Reports by Others

From nonprofit news organizations

January 20, 2019 Climate News Network

Global commission: More vegetables, less meat for all our sakes

The healthy diet for people and planet is more vegetables and less meat, produced sustainably, an international panel says. Farmers can feed 10 billion, help contain climate change and prevent 11 million premature deaths per year.

October 30, 2018 Climate Home News

Brazil’s Bolsonaro has made grim threats to the Amazon and its people

The president-elect has said he would abolish Brazil's environment ministry, exposing the world's largest rainforest and its indigenous owners to criminal gangs of loggers and miners.

September 17, 2018 Thomson Reuters Foundation

Climate summit in San Francisco aimed for a new carbon-emissions goal: zero

“There’s something great about…the power of zero in focusing minds,” said an executive of a London company providing carbon-consulting and carbon-offsetting services. “It’s a concept everybody gets.”

July 30, 2018 Thomson Reuters Foundation

Rising sea, falling prices: Climate change hits Key Biscayne home values

On an exclusive South Florida barrier island, home buyers are looking for elevation – and low-lying houses are going for less. "Rain is bad for us," one resident said. "Rain triggers thoughts of flooding."

July 1, 2018 Thomson Reuters Foundation

Overlooked Texas-Mexico border shantytowns face threat of gathering storms

"Poor people just get the short end of the stick continuously, and climate change is just another thing they are going to have to deal with," says the head of the Community Development Corporation of Brownsville.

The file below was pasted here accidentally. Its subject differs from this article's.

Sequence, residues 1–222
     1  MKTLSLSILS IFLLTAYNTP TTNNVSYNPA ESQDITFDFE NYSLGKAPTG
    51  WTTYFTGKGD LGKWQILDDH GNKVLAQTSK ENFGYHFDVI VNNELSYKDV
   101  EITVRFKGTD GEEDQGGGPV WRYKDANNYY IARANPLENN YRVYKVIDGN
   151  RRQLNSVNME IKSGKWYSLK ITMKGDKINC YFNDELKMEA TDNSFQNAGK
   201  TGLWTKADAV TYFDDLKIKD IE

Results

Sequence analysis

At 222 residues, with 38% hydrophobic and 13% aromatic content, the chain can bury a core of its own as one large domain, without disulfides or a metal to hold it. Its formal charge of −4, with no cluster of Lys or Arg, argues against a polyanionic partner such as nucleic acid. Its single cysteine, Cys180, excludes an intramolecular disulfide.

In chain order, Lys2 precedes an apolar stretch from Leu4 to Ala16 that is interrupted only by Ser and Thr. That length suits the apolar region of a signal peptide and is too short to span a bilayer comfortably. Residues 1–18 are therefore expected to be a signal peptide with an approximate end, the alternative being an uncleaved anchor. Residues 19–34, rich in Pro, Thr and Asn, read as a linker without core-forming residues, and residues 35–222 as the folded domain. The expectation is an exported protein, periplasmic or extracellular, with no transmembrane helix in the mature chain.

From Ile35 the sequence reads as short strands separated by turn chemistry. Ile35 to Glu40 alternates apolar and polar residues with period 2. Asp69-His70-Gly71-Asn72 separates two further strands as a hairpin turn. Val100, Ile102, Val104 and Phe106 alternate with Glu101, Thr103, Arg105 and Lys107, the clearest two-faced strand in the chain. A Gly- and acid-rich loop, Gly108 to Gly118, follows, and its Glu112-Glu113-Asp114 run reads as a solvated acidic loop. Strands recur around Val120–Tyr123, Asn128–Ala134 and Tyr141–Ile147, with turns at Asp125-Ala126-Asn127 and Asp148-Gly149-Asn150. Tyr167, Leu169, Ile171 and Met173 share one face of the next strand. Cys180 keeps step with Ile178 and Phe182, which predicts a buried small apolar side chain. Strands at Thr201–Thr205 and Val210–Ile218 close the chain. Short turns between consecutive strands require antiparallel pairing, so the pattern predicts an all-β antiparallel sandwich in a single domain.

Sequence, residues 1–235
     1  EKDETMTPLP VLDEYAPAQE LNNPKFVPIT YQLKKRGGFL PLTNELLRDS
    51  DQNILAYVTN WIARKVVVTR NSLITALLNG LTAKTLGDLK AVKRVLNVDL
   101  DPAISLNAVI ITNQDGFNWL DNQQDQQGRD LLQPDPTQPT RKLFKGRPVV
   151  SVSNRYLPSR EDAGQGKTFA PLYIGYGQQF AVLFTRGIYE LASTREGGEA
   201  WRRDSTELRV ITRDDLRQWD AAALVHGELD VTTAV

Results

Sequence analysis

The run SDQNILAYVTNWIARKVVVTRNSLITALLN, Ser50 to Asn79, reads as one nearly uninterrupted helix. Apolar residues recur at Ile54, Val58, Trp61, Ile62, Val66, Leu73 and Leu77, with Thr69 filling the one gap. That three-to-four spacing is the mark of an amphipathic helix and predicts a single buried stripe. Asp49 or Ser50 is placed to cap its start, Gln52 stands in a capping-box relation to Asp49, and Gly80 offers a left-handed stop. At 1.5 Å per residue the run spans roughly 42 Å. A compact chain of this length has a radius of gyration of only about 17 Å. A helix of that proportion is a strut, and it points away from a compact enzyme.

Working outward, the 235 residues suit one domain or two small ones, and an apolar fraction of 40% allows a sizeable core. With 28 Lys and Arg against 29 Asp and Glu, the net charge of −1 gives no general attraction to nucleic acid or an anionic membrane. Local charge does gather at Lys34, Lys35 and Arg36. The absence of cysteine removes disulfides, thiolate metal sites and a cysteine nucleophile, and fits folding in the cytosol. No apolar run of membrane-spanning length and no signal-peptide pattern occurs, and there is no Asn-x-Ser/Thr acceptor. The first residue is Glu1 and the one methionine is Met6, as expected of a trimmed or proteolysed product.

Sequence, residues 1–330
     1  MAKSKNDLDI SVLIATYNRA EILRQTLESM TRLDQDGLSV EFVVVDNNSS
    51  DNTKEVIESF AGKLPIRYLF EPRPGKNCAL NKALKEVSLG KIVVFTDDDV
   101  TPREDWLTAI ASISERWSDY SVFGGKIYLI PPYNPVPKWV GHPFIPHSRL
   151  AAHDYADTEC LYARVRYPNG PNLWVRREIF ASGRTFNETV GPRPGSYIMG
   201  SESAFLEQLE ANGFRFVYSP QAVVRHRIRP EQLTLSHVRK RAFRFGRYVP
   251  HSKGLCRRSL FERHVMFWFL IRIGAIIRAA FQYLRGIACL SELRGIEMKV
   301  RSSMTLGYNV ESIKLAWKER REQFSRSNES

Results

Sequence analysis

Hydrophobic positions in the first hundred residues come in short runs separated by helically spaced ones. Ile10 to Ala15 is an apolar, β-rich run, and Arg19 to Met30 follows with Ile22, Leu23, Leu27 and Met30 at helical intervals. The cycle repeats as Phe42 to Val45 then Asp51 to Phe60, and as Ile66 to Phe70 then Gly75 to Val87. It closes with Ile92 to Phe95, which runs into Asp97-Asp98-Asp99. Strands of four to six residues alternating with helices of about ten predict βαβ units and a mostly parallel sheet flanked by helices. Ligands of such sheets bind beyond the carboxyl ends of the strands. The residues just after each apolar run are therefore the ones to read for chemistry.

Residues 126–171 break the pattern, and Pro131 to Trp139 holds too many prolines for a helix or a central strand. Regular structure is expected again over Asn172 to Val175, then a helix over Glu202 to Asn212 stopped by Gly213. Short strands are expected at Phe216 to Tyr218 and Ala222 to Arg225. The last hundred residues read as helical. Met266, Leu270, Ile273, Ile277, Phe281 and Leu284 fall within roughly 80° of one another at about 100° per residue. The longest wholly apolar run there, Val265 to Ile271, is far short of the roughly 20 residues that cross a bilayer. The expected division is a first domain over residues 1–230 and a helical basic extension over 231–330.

May 7, 2018 Thomson Reuters Foundation

‘The water’s not going anywhere’ – Louisiana confronts climate threats

Story and video: In storm-battered New Orleans, preparing for disasters "has become the norm, not the exception." Evacuation centers have been built, homes raised, rooftop solar panels installed and "rain gardens" created.

April 8, 2018 Thomson Reuters Foundation

Puerto Rico hurricane migrants may be wild card in US elections

Can an influx of Democratic-learning climate migrants in Florida tip the state’s delicate political balance? As climate change and worsening disasters push more people from their homes, the human wave is creating unexpected ripples in many places.

March 12, 2018 Thomson Reuters Foundation

U.S. government needs to do more to climate-proof communities, say experts

Hurricanes, wildfires and other weather disasters cost the United States a record $306 billion in 2017. And extreme weather driven by climate change is expected to become more common in upcoming decades.

February 18, 2018 Climate News Network

Ozone layer recovery falters unexpectedly, puzzled scientists say

The recovery of the damaged ozone layer which protects life on Earth from harmful solar radiation is no longer happening worldwide, an international team of researchers has reported.

January 29, 2018 Climate News Network

Researchers examine how urban forests add to cities’ health and wealth

Planting more urban forests is a simple way not only to improve the health of a city’s people, but to make them wealthier too, scientists in New York state and Italy reported in a new study.